7 months ago
Remember the movie, Eat, Pray, Love?
Liz and her friends discuss words that best describe their current selves. I can’t remember Liz’s word, but growing up my word was shy.
I hate the word shy. With a burning passion.
Haitian adults loved to say, “Don’t be shy?’, only with their heavy accents, it sounded more like shine. Lol.
I wore the label around my shoulders, like a heavy jacket. I wore it all the time, even when it was breathtakingly warm and I could smell the must rising from my own body. Some days my fingers curled instinctively around the edges, pulling it closer to me like a blanket. It made me feel safe. It made me feel…comfortable.
This analogy may be a bit esoteric for some, but it was like the weighted vests Occupational therapists give to children for sensory issues. It makes them feel grounded.
I didn’t like being shy but having a label took responsibility away from me. For most of my adolescence, I sat on the sidelines watching everyone else and because I was “shy”, no one expected more of me.
And then, I discovered the word, introvert. Being an introvert freed me from that heavy, musty coat. I accepted I would never be the life of the party but I also realized I could say yes to things outside of my comfort zone.
I said yes to being Secretary and then President of the Black Student League in college. I said yes to working for a startup company. And I said yes to giving a lecture to a breast cancer support group. These yeses, although very uncomfortable, played a huge role in my growth as an individual.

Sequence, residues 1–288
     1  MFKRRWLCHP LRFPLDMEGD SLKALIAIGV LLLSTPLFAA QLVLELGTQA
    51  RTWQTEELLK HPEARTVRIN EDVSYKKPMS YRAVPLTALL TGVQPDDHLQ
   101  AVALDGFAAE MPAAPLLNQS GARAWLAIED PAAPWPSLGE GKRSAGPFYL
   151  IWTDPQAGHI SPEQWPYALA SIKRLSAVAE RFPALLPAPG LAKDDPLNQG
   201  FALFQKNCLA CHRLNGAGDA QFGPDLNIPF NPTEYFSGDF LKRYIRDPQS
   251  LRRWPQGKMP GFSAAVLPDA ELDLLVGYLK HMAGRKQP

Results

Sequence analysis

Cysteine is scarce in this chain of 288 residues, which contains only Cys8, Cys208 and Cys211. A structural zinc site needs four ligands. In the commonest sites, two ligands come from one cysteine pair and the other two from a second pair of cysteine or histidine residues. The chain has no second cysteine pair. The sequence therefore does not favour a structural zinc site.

And then I had a baby. It was like starting all over again.
Motherhood is challenging for a million reasons and one of them has been accepting my new word; mother.
I am fiercely private and I hate unwarranted attention. Being a mother puts all my insecurities on front street. There is no blending into the background with a baby because at any time they may spontaneously poop all over themselves (and you), cry uncontrollably and loudly, and spit up. And let’s not forget the daily shitshow of lugging a heavy ass stroller up and down a non-wheelchair accessible train station.
And guess what? Babies are adorable. All the attention focused on my son makes me uncomfortable and it forces social interaction with strangers.
Becoming a mother required me to come out of myself and re-evaluate all the security blankets I’ve used my entire life to survive. It meant learning how to make decisions for the good of someone else and not just for my own comfort.
It meant shedding the title “good daughter/wife/sister,” to stand up to loved ones who go against my wishes when it comes to my son like breastfeeding after three months.
Being a mother means putting away your own insecurities and fighting for survival. It means speaking up when strangers reach their germ encrusted fingers towards your baby’s face.
It means feeding your hungry baby, anywhere, at any time, amid the stares. Covered or uncovered, your choice.
It means asking for help when everything inside of you is programmed to do it alone by any means necessary.
My son doesn’t care if I’m an introvert/extrovert and although it’s not easy to ignore instinctual habits, I am embracing my new favorite word; mother.
And for him, I will do anything.